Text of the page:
If the first adjustment will occur within the first 210 after closing, the adjustment disclosure must be provided at consummationSee, 12 CFR § 1026.20(d).

As soon as practicable, but not less than 25 days before the first payment at the adjusted level is due, for the first adjustment to an ARM if it occurs within 60 days of consummation and the new interest rate disclosed at consummation pursuant to §1026.20(d) was an estimate.

See also, NAFCU’s blog ARM Adjustment Disclosures: The Basics.

Written notice.

The requirements of paragraph (c) do not apply to:

  • ARMs with terms of one year or less;
  • The first interest rate adjustment to an ARM if the first payment at the adjusted level is due within 210 days after consummation and the new interest rate disclosed at consummation pursuant to §1026.20(d) was not an estimate; or
  • The creditor, assignee or servicer of an adjustable-rate mortgage when the servicer on the loan is subject to the Fair Debt Collections Practices Act (FDCPA) with regard to the loan and the consumer has sent a notification pursuant to FDCPA section 805(c) (15 U.S.C. 1692c(c)).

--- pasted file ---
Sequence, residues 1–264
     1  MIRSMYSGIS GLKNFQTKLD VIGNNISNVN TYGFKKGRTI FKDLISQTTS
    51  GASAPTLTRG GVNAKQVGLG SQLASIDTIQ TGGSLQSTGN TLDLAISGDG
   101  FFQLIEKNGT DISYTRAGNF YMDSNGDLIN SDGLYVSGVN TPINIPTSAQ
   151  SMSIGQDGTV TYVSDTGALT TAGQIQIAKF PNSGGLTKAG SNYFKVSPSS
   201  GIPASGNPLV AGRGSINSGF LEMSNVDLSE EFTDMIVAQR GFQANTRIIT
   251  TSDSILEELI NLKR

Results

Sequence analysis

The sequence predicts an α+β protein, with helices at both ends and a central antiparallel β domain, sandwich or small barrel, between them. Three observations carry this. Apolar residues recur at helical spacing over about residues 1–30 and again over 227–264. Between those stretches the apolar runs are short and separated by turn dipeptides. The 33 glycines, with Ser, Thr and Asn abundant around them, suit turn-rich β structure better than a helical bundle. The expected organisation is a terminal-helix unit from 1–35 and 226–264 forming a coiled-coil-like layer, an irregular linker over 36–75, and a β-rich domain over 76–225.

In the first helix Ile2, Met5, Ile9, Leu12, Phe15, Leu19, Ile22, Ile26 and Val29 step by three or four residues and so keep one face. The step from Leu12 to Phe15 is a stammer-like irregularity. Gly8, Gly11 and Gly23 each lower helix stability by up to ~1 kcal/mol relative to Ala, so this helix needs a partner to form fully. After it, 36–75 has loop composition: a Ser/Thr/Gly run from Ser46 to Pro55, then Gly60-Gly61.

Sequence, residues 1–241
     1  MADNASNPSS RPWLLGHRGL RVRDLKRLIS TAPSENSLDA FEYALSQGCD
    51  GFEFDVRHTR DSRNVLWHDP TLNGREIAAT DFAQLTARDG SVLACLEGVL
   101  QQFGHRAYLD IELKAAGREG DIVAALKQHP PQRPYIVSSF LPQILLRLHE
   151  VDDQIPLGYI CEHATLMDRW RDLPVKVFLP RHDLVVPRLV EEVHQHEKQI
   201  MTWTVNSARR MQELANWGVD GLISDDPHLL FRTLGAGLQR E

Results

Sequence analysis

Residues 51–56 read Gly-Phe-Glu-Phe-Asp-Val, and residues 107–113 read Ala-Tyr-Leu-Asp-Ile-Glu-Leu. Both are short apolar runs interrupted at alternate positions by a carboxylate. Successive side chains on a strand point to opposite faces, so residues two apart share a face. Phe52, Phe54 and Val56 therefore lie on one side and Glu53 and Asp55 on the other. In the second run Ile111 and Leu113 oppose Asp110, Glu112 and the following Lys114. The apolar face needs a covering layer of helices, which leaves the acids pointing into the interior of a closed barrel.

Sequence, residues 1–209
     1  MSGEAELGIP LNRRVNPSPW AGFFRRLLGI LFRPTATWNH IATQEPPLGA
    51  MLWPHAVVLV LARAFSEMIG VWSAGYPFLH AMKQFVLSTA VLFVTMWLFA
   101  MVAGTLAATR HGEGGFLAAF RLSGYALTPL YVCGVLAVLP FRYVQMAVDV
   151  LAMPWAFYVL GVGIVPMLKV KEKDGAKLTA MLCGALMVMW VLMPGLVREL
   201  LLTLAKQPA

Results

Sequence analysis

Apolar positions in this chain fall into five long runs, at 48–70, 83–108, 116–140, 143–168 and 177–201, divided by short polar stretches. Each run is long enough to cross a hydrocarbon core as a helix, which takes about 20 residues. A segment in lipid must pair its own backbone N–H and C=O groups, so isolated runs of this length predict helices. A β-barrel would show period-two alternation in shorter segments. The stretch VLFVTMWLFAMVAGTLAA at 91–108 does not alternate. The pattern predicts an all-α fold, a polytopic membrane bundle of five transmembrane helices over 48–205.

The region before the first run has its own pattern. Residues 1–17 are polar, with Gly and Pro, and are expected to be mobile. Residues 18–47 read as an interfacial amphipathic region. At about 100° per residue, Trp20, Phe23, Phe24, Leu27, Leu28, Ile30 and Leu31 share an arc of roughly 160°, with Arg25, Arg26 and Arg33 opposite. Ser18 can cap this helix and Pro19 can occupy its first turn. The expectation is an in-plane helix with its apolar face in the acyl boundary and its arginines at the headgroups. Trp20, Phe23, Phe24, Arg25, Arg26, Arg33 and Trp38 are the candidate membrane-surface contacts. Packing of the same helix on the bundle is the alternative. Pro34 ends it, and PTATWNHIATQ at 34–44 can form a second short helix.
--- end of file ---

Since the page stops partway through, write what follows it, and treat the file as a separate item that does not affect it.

The Fear of Change Trilogy 

Part 1: The Fear of Change: Is Your Credit Union Required to Provide a Change-in-terms Notice? (Checking and Savings Accounts)

Part 2: The Fear of Change: Is Your Credit Union Required to Provide a Change-in-terms Notice? (Open-end Credit)

Compilation: Download the full Fear of Change blog series PDF

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About the Author

Alma Calcano, NCCO, NCBSO, Regulatory Compliance Specialist, NAFCU

Alma joined NAFCU in February 2019.  As part of the Regulatory Compliance Team, she provides daily compliance assistance to member credit unions on a variety of topics.